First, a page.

James Wright (c.1757-1825)

James Wright was a convict transported per Scarborough (1788). He is one of 17 First Fleeters with memorial plaques. Wright started out as a highwayman, but his transportation to the Colony of New South Wales saw him start a new life as the colony’s first baker at Port Jackson and then the Government baker at Parramatta for 17 years.


  • Born: c.1757
  • Committed Crime: July 1783
  • Imprisoned: July 1783, Newgate Prison, London
  • Trial: 11 August 1783, Maidstone, Kent, England
  • Received Death Sentence: 13 August 1783, Maidstone, Kent, England
  • Death Sentence Commuted to seven years transportation: 1783
  • Transferred to the Censor Hulk: 20 October 784, River Thames
  • Embarked on Scarborough: 27 February 1787
  • Sailed with the First Fleet per Scarborough: 13 May 1787, Spithead, Portsmouth, England
  • Arrived in Botany Bay per Scarborough: 19 January 1788
  • Colonial Baker under Governor Arthur Phillip: early 1788-c.1792
  • Government Baker at Parramatta: 1792-1809
  • Birth and death of son, James Wright II: July 1792
  • Birth of son, George Wright: 1794
  • Birth of daughter, Jane Wright: 1797
  • Birth of daughter, Shepherdess Wright: 1799
  • Married Letitia Holland: 10 April 1810, St. John’s Church, Parramatta
  • Died: 15 March 1825
  • Buried: 18 March 1825 at St. John’s Cemetery, Parramatta

Burial Location

  • Section 1, Row I, No. 21, St. John’s Cemetery, Parramatta


  • Spouse of Letitia Wright
  • Parent of James Wright (II)
  • Parent of George Wright
  • Parent of Jane Wright
  • Parent of Shepherdess Agland


  • Baker
  • Farmer
  • Publican


  • Convict Scarborough, 1787-1788
  • Colonial Baker under Governor Arthur Phillip at Port Jackson
  • Government Baker at Parramatta

James Wright: The Highwayman (2016)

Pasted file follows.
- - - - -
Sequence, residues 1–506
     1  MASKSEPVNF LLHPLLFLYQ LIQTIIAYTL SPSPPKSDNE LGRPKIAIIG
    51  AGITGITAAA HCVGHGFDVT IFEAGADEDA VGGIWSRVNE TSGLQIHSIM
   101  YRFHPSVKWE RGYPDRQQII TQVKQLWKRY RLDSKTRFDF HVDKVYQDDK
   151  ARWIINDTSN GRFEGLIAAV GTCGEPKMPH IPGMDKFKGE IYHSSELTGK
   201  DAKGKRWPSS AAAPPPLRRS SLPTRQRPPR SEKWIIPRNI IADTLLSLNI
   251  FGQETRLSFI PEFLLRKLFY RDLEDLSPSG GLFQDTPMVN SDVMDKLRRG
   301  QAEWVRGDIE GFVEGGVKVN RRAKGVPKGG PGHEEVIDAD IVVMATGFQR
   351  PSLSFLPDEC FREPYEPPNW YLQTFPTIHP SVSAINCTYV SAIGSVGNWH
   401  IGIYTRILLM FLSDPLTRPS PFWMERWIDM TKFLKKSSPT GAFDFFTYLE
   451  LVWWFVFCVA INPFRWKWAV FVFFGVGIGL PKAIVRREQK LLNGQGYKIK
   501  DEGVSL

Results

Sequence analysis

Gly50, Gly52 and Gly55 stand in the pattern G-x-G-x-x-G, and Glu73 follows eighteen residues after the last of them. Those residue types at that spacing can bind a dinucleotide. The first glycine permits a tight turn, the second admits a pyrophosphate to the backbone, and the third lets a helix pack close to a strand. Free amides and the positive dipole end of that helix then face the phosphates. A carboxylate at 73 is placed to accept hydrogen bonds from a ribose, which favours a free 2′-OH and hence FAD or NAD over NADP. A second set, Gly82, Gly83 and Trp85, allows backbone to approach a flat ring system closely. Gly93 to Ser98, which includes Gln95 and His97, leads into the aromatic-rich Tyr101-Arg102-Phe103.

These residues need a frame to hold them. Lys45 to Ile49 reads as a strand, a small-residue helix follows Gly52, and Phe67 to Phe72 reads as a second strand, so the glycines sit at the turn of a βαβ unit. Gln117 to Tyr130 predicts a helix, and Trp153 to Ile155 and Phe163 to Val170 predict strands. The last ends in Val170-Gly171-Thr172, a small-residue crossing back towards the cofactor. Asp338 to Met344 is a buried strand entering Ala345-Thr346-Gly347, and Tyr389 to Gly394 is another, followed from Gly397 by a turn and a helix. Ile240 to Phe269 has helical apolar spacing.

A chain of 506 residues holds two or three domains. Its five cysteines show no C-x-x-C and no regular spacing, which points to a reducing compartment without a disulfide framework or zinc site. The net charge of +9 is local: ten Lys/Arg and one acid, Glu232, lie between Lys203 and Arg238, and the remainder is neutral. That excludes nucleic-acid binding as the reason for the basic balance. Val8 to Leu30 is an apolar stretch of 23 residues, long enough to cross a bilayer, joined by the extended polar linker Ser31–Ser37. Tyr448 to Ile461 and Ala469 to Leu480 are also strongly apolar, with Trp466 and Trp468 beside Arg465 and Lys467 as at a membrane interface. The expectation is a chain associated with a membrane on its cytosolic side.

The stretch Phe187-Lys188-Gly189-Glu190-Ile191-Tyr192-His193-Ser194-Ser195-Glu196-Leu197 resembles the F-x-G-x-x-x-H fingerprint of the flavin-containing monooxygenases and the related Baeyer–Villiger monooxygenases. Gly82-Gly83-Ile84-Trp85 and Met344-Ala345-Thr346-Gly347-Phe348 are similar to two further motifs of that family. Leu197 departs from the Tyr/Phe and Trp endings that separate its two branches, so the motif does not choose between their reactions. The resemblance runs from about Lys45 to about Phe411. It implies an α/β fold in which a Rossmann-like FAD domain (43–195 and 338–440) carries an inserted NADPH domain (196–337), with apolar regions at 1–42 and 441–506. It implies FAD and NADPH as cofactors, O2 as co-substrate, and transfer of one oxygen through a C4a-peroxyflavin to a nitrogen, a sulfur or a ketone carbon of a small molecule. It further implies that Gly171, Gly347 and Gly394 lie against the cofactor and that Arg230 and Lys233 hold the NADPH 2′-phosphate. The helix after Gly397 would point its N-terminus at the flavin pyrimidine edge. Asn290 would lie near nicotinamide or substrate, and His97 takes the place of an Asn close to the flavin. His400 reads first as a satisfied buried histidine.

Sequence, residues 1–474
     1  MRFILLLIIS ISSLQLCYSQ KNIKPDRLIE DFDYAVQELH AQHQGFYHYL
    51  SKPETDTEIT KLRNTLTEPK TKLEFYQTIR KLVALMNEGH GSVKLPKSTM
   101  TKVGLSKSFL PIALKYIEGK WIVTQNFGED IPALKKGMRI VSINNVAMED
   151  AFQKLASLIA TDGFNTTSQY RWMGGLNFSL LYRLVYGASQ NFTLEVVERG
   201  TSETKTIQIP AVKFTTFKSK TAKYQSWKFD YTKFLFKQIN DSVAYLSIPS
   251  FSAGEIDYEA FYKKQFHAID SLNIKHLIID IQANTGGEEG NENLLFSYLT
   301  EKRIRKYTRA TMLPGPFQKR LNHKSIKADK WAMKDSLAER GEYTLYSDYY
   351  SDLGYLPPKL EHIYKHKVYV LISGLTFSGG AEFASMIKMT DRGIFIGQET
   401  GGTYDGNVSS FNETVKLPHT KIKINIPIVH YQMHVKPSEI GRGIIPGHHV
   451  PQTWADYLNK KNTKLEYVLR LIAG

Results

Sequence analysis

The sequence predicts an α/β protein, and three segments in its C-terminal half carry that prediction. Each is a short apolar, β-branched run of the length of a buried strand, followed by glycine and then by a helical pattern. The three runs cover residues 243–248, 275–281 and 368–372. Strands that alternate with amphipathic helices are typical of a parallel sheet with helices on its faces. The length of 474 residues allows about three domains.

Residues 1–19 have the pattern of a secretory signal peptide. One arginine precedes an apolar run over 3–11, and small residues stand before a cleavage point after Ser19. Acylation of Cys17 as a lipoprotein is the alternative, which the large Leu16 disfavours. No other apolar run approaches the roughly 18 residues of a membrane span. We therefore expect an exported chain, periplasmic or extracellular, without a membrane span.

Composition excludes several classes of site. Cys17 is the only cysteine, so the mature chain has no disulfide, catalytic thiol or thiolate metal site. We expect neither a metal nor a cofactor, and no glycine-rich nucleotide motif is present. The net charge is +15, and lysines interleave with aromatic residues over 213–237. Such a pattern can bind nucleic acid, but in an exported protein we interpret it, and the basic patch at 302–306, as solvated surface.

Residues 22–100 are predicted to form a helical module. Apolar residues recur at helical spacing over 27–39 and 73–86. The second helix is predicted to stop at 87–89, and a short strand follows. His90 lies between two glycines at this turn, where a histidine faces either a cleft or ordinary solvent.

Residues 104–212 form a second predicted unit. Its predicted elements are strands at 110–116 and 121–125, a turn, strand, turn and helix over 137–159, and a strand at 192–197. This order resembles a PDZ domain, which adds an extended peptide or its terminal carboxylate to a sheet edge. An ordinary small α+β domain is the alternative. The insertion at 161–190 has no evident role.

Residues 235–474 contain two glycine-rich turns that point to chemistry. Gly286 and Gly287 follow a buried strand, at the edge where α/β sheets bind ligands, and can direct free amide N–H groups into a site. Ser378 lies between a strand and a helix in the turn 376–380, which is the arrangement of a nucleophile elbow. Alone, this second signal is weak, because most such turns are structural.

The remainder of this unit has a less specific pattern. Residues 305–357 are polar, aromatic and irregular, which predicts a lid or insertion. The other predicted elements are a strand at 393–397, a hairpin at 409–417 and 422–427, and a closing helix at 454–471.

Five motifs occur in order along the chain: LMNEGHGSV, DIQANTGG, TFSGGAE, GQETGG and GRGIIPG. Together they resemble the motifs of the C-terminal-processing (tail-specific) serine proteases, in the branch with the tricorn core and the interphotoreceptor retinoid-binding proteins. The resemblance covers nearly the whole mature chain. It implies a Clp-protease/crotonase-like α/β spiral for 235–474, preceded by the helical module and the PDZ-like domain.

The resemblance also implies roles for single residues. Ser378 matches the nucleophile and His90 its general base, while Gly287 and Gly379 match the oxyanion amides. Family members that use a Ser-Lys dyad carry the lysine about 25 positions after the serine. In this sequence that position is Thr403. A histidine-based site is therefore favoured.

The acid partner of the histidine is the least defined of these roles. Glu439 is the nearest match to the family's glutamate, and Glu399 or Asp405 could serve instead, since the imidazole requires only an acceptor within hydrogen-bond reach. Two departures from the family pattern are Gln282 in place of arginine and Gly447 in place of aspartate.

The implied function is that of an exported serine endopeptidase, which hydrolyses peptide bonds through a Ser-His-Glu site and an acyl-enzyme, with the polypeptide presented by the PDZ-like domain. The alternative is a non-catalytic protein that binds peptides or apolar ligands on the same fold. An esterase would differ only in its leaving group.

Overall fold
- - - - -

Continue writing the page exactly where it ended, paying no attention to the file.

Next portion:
By Michaela Ann Cameron

Abstract: The colony’s first baker, James Wright, started out as a highwayman. Wright nearly did not get the chance to try out his baking skills, though, as he almost went to the gallows for holding up and stealing the watch of the young, wealthy son of an American Revolutionary War hero on one of the highways running out of London. His death sentence, however, was soon commuted to seven years transportation to Africa. During his sentence, he was incarcerated in Newgate Prison and spent more than two years on the Censor prison hulk on the Thames before finally being transported – not to Africa, but to what was about to become the Colony of New South Wales. Soon after his arrival on board the First Fleet convict transport Scarborough, Wright was appointed baker at Port Jackson. Later, Governor Arthur Phillip made him the Government Baker at Parramatta; it was a role Wright kept for 17 years. But the watch-stealer who had by then risen far above his convict status also learnt that what goes around comes around… more>>



  • Judith Dunn, The Parramatta Cemeteries: St. John’s, (Parramatta, NSW: Parramatta and District Historical Society, 1991)
  • Mollie Gillen, The Founders of Australia: A Biographical Dictionary of the First Fleet, (Sydney: Library of Australian History, 1989)
  • Parish Burial Records, Textual Records, St. John’s Anglican Church Parramatta, New South Wales, Australia.


# First Fleet

# Convict

# Hulk: Censor

# Ship: Scarborough (1788)

# Burial year: 1825

# Grave: marked